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Japanese Butterfish: what is it?

Right. I should have added that in my post.

Japanese Butterfish: what is it?

I know this is an old thread but I just came across it and wanted to point out some incorrect information.

I recall years ago in LA that fish labeled "Butterfish" was, in fact, Black Cod.

Please note that what's called "Black Cod" in the Western U.S. aka Sablefish is not a fresh water fish. It's a salt water fish that's caught all along the West Coast and up to Alaska.

Also, "Medai" is not a member of the "Tai" species. Medai and Tai belong in different families of fish, i.e., Hyperoglyphe vs. Sparidae, respectively.

Any DCS range owners out there?

I've had a 30 inch DCS gas only range for about 10 years now. The pros of DCS: Strong burners, five burners on a 30 inch range, full features, good price (although so much now).

I haven't had major problems with it, but I've had a few issues with it. The convection fan needed to be fixed (under warranty), the oven thermostat needed to be fixed (not under warranty and a few hundred dollars if I recall correctly), and two electrical ignition parts(one paid out of pocket, the other replaced under home warranty).

I will say that I've been less impressed with customer service after DCS was purchased by Fisher & Paykel and, just so you know, there are several things that surprised me and may surprise you before you purchase a DCS.

First, the burner ignition elements are exposed. Consequently, you have to be careful when cleaning them, and large spills can cause them to stop working. Second, you need to regularly clean the venturi tubes of the burners. If you do not do this, they may get permanently stuck to the point of having to be broken to be removed. If this happens, you cannot access any of the wiring underneath, including the ignition wiring. I don't know if failing to clean this voids the warranty, but this repair is a PITA and expensive if not under warranty.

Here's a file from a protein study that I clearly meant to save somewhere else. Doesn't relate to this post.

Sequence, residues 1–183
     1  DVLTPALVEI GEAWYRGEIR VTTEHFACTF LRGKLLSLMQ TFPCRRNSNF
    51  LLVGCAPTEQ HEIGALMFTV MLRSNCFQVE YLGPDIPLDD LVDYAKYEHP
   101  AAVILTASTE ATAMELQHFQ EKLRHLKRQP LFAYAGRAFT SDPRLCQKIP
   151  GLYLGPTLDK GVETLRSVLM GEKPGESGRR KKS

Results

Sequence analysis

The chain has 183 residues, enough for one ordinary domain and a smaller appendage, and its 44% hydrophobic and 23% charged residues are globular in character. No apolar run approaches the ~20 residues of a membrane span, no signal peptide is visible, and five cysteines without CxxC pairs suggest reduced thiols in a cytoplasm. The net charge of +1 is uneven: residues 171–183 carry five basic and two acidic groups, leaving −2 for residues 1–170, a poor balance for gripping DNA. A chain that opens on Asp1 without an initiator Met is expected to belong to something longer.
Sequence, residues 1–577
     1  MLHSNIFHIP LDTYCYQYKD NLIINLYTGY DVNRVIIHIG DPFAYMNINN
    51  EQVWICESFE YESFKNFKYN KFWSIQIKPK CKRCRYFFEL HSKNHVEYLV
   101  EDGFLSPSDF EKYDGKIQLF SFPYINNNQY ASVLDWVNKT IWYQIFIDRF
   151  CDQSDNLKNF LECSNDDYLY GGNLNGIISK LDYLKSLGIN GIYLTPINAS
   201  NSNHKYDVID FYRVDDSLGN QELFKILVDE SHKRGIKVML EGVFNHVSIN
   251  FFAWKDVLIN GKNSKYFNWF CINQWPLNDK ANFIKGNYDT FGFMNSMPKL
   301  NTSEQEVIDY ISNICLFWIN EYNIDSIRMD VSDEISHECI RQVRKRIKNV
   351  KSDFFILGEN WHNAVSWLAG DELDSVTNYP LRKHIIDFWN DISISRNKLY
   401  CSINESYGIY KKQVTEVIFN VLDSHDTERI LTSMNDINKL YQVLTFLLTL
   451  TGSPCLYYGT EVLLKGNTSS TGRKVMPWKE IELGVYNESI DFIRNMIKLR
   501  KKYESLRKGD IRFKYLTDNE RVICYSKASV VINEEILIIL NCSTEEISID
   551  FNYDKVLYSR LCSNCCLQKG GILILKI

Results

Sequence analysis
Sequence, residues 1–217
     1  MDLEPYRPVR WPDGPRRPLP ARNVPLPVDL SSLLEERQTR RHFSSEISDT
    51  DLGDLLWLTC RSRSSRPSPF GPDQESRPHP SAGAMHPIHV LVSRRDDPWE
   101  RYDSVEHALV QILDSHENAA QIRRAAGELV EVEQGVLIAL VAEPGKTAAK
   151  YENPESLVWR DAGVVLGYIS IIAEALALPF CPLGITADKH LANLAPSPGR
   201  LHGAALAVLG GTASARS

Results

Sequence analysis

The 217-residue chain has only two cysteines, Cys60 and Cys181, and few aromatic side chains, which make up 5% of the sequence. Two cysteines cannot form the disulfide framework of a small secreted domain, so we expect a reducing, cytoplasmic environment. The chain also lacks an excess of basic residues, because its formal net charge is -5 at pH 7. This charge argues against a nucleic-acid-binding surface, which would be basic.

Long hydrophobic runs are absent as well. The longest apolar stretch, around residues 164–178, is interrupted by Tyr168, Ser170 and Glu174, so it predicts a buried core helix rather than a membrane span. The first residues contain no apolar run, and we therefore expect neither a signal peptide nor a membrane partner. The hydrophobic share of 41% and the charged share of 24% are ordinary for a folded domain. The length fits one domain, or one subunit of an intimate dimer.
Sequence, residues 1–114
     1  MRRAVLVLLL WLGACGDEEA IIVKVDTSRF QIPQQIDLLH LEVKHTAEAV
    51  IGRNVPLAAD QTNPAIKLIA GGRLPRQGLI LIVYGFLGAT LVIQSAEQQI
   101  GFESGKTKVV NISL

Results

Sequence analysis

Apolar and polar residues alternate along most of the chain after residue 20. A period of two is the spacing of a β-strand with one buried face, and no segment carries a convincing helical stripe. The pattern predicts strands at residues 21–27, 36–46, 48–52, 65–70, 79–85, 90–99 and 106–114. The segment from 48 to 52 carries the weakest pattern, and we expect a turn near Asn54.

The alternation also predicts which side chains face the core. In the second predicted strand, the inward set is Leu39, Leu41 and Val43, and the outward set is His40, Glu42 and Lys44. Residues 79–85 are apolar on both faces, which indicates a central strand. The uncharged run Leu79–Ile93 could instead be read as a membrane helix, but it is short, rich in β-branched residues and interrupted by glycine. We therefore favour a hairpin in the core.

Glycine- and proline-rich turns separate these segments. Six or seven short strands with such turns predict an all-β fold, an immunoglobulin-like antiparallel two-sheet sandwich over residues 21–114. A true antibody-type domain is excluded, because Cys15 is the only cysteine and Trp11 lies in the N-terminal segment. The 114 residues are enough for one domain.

Third, the little rubber feet on the grates? They're like $40 bucks for a set now. They used to be really cheap. (I wish I were joking.)

Fourth, again, if I recall correctly, the broiler on the dual fuel is nicer than the gas only version. This may have changed. Also, previously, the racks on the dual fuel were nicer than the gas only version.

Personally, if I had to choose now, I would choose GE Monogram. I looked at all of the major brands recently - DCS, Viking, Wolf, and a few others - and I found the Monogram ranges to be the nicest of the bunch.

If you decide to go with DCS, be sure to get the extended warranty and as long as possible. Even a small repair will cost at least $100 (the cost to replace an ignitor was about this amount if I recall correctly).

Mar 05, 2013
formerfishmonger in Cookware

How do we know it's wild caught shrimp? [moved from Los Angeles board]

Ask. Country of origin labeling (federal law) requires certain retailers (I haven't read through the entire statute yet) to identify the origin of shrimp (which is almost always frozen except for certain species that are caught locally). If you really want to know, ask to see the box/container. Whether the shrimp is block frozen or IQF, the container will tell you where it's from and, oftentimes, whether it's farmed or wild.

As a general rule, most Asian shrimp are farmed. Tiger shrimp are nearly all farmed.

In my experience, the best frozen shrimp are wild caught and, in California, we are lucky to get frozen wild caught Mexican shrimp (Mexican white shrimp are particularly nice). For people living in the Gulf/Southern states, you can probably still purchase wild, locally caught shrimp. When I lived in New Orleans, I would go out toward Lake Ponchartrain and buy what looked nice - depending on the season, there were white or brown shrimp. People sold fresh shrimp out of the back of their trucks - they had coolers full of shrimp.

Barbershop Pop Up and Antica Pizzeria

Mori-san cooked there for one evening, this past Wednesday.